EDWARDS AIR FORCE BASE, Calif. -- An unmanned, remote controlled Boeing 720 jetliner will slam into the Mojave Desert Saturday in an unprecedented test of new safety equipment including a fuel additive designed to eliminate fireballs in aircraft accidents.
'Tomorrow, we expect to make history,' Transportation Secretary Elizabeth Dole told reporters at a pre-crash briefing Friday afternoon.
'We know that crashes don't have to be fatal.'
Other equipment to be tested for crashworthiness in the spectacular staged accident -- the first time a jet plane has been deliberately downed in such an experiment -- includes a variety of seat belts, fire-retardant seats and windows designed to resist burn-through.
The test was also designed to develop new data on how various aircraft components behave under the heavy stresses of a survivable accident.
'This is more than seeing an aircraft fly and crash,' Adm. Don Engen, FAA administrator, said of the test. 'It is an event that is keyed to produce results' -- saving the lives of travelers.
The flashiest test will be of an anti-misting kerosene additive designed to eliminate the danger of fuel exploding and sending a wall of fire into the aircraft cabin.
Such fireballs, common in crashes, engulf the plane and trap and kill passengers who otherwise would have survived the impact.
The most recent such accident occurred last year, when an Air Canada plane made an emergency landing in Cincinnati after fire broke out in a lavatory. The plane came down safely, but the cabin was engulfed in flames and half the 46 people aboard were killed by toxic fumes from burning plastic.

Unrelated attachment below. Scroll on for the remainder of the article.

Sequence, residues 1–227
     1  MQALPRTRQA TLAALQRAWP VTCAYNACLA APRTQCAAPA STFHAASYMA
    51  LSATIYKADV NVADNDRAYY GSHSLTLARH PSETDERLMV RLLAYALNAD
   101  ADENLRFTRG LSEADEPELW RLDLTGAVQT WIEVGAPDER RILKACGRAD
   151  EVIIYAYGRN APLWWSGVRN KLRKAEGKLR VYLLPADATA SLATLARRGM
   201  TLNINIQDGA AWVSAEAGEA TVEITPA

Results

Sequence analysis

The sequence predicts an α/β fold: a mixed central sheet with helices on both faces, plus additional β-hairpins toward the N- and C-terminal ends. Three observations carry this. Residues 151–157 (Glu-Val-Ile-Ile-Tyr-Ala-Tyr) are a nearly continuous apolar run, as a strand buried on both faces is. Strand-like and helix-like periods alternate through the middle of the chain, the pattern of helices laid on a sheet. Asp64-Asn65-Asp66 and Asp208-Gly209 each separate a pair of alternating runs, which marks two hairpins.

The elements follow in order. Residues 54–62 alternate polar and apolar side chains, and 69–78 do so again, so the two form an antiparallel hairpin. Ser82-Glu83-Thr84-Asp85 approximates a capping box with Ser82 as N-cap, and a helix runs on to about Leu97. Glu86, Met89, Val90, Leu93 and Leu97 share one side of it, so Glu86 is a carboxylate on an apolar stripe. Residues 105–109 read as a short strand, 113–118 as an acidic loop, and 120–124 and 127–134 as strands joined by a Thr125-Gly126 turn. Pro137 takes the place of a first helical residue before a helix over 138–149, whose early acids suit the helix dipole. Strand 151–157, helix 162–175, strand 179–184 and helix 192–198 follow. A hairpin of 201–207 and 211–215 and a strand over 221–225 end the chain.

The Controlled Impact Demonstration, the result of two years' planning by the National Aeronautics and Space Administration and the Federal Aviation Administration, will cost $11.8 million.
The plane will be flown by remote control from the ground, space agency spokesman Ralph Jackson said.
'This is the first time we've ever impacted one,' he said.
The aircraft will carry a dummy pilot and about 70 dummy passengers wired to instruments and surrounded by on-board cameras.
The 720, a 24-year-old model that typifies narrow-bodied jets now in use like the Boeing 707 and the McDonnell Douglas DC-8, will climb to 2,000 feet and circle Rogers Dry Lake.
Remote controls will then send the aircraft hurtling toward the ground at about 170 mph.
Moments later, the wings will strike a series of obstacles designed to rupture the fuel tanks and create a potential fire situation. The plane is expected to skid to a halt about 1,000 feet from the point of impact.
An Air Force fire team will be on hand to put out any blaze so the experiments inside the plane can be saved.